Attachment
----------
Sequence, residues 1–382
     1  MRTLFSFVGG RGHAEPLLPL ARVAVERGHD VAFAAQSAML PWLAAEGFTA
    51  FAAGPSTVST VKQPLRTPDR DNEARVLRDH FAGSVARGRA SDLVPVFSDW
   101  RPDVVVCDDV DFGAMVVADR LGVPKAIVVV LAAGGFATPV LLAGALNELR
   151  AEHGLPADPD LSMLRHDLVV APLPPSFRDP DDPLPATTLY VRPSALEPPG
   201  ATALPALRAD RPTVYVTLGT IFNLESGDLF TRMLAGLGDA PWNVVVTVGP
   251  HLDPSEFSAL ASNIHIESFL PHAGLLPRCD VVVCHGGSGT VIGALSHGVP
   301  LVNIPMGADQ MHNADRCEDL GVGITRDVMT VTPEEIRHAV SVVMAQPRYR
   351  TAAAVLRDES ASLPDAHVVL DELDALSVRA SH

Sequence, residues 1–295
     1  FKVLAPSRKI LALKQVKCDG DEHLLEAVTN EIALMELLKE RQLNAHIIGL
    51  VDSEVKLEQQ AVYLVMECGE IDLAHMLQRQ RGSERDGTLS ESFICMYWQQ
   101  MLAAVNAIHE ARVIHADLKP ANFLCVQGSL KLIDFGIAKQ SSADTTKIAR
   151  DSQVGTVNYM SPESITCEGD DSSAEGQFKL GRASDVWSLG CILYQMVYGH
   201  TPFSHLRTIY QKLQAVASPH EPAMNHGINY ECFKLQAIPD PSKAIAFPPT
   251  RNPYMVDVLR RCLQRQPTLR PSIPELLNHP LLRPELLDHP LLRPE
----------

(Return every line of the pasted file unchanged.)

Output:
Sequence, residues 1–382
     1  MRTLFSFVGG RGHAEPLLPL ARVAVERGHD VAFAAQSAML PWLAAEGFTA
    51  FAAGPSTVST VKQPLRTPDR DNEARVLRDH FAGSVARGRA SDLVPVFSDW
   101  RPDVVVCDDV DFGAMVVADR LGVPKAIVVV LAAGGFATPV LLAGALNELR
   151  AEHGLPADPD LSMLRHDLVV APLPPSFRDP DDPLPATTLY VRPSALEPPG
   201  ATALPALRAD RPTVYVTLGT IFNLESGDLF TRMLAGLGDA PWNVVVTVGP
   251  HLDPSEFSAL ASNIHIESFL PHAGLLPRCD VVVCHGGSGT VIGALSHGVP
   301  LVNIPMGADQ MHNADRCEDL GVGITRDVMT VTPEEIRHAV SVVMAQPRYR
   351  TAAAVLRDES ASLPDAHVVL DELDALSVRA SH

Sequence, residues 1–295
     1  FKVLAPSRKI LALKQVKCDG DEHLLEAVTN EIALMELLKE RQLNAHIIGL
    51  VDSEVKLEQQ AVYLVMECGE IDLAHMLQRQ RGSERDGTLS ESFICMYWQQ
   101  MLAAVNAIHE ARVIHADLKP ANFLCVQGSL KLIDFGIAKQ SSADTTKIAR
   151  DSQVGTVNYM SPESITCEGD DSSAEGQFKL GRASDVWSLG CILYQMVYGH
   201  TPFSHLRTIY QKLQAVASPH EPAMNHGINY ECFKLQAIPD PSKAIAFPPT
   251  RNPYMVDVLR RCLQRQPTLR PSIPELLNHP LLRPELLDHP LLRPE